The Wisconsin Lemon Law covers you if, within the first year, your vehicle suffers a defect that cannot be repaired by a dealer in four attempts. The law covers cars transferred or registered in the state of Wisconsin. Read on to learn the answers to some common questions about the state’s lemon law.
Does a Problem Have to Happen Four Times?
Not always. If the vehicle is in for repairs for 30 days or more within the first 12 months, whether or not those days are consecutive, it’s possible to file a claim under the lemon law.
What Happens if the Problem Occurs Outside the First 12 Months?
If the problem is ongoing and the vehicle is still covered by the manufacturer’s warranty, there’s still help available according to the Magnuson-Moss Warranty Act. Call today to get an explanation of your legal rights under Federal law.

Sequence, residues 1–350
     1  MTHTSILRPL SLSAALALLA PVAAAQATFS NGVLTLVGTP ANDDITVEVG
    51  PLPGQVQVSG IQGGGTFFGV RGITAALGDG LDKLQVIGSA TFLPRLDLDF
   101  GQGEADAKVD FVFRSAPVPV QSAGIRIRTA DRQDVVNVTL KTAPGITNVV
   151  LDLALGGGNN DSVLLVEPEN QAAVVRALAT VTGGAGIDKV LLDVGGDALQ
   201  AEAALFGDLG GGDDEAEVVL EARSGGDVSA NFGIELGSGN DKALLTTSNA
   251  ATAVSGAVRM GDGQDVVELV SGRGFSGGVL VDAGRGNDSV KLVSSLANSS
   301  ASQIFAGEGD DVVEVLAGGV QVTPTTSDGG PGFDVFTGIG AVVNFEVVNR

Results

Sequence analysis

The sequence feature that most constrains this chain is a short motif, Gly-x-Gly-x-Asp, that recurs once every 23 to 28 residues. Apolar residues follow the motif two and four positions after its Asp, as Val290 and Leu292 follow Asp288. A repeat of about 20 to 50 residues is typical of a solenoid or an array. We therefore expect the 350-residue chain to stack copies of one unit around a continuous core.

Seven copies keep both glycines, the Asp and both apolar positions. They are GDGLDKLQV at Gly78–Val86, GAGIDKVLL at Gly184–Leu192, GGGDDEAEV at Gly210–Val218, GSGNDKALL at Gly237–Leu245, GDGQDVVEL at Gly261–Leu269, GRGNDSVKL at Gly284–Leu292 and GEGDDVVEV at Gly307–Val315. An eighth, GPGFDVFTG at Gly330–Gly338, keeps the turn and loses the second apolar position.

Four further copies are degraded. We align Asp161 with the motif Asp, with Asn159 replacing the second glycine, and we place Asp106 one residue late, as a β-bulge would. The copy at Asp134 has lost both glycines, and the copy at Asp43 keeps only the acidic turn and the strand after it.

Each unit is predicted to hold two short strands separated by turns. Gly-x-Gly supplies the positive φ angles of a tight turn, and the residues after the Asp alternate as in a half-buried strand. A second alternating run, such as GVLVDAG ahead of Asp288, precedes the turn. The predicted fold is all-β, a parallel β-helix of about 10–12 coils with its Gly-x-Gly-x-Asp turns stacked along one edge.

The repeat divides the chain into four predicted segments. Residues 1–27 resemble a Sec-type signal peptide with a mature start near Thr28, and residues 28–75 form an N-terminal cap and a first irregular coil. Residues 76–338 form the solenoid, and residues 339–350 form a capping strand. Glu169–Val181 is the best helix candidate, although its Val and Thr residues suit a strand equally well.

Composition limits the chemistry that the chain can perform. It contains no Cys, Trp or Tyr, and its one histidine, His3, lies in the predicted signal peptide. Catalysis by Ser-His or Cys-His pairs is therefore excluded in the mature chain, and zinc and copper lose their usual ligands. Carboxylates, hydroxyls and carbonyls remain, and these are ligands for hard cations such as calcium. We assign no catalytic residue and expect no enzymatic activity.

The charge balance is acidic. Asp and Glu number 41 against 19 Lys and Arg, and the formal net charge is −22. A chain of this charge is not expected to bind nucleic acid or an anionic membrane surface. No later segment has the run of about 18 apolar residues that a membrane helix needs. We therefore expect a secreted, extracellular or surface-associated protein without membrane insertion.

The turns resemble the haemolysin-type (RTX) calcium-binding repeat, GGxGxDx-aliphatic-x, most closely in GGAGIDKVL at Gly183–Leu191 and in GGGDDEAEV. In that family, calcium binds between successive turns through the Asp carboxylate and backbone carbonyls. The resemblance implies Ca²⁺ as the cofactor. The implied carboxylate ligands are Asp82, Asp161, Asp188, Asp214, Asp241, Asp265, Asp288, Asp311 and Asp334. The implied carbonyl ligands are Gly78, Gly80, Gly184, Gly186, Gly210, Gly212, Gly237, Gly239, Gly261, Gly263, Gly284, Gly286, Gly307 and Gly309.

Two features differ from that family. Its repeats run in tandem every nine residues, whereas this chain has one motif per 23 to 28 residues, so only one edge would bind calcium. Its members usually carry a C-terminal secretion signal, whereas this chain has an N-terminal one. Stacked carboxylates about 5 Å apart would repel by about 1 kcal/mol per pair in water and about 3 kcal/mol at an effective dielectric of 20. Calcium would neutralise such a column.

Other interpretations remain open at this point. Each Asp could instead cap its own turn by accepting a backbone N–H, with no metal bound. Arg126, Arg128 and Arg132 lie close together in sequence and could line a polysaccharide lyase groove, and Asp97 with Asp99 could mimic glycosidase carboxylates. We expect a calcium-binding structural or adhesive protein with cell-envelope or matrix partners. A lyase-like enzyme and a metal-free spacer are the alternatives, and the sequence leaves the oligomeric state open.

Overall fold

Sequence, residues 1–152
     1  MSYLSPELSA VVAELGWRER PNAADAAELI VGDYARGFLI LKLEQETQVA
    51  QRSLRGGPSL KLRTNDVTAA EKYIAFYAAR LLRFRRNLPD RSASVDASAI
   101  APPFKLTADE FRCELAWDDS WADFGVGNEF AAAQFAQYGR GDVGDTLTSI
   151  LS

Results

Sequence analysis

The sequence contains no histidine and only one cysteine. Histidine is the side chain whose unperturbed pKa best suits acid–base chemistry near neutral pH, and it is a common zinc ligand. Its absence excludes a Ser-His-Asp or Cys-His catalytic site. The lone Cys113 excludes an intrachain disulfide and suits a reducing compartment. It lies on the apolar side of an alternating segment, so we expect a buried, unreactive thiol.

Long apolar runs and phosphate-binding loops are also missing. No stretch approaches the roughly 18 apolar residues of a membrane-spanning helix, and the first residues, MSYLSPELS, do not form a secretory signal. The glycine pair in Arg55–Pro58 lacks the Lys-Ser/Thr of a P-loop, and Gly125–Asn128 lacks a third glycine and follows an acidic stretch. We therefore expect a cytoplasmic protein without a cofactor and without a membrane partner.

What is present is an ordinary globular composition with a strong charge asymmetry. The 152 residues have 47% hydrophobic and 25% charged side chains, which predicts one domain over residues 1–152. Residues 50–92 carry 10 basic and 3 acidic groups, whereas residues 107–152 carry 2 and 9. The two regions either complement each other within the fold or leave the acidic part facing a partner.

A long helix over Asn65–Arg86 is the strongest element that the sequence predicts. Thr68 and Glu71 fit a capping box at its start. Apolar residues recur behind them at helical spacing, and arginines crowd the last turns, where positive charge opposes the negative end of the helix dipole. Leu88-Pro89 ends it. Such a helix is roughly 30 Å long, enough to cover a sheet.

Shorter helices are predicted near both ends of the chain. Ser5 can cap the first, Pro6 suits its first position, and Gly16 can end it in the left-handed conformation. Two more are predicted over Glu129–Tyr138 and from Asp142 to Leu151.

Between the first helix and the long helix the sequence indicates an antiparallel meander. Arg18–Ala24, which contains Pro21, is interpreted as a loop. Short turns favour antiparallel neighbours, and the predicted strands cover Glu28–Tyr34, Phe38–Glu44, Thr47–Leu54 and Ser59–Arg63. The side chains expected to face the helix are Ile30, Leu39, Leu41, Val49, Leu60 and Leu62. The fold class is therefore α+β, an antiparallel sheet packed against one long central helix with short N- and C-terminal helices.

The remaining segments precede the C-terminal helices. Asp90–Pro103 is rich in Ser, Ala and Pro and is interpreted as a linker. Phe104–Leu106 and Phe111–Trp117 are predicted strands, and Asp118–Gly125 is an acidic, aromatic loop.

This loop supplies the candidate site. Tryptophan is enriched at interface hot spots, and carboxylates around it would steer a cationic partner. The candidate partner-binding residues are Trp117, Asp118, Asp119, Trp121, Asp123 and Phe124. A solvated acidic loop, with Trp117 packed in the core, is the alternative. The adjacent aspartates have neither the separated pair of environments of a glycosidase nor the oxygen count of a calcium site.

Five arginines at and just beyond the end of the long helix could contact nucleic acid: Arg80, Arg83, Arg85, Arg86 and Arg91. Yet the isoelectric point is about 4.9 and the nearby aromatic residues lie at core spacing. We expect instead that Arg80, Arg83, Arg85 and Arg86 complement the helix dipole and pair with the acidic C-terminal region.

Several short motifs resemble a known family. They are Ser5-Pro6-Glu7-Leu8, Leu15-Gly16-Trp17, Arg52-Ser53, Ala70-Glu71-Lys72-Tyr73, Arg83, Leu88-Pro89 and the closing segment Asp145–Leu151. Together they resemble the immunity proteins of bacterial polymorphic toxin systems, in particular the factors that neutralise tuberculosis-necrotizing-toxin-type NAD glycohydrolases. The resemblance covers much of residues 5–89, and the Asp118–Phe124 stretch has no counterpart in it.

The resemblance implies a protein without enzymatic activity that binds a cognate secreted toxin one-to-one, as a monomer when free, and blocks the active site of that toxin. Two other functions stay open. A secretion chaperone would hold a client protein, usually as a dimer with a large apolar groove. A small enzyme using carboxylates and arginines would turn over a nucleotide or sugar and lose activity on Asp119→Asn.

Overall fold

How Does the Lemon Law Provide Free Representation?
The Wisconsin Lemon Law involves a fee-shifting clause, which means that if the vehicle is not bought back by the manufacturer within 30 days of notice, the manufacturer is required to pay the owner’s legal costs and lawyer fees. This provision puts auto owners on equal footing with billion-dollar automakers.
The Car Has Only Been Owned for a Few Days. Can It be Returned?
Simply put, no. A problem may occur right away, but if you want to open a claim under the Wisconsin Lemon Law, there are protocols to follow. You’ll have to make an appointment to have the vehicle evaluated and fixed, and you’ll have to get an invoice when picking up the vehicle. The invoice must outline all the problems as reported to the dealership’s service manager.
Being stuck with a lemon is frustrating, but we’re here to help. To learn about the state’s lemon law, visit their website or call Lemon Law America to schedule a no-obligation consultation.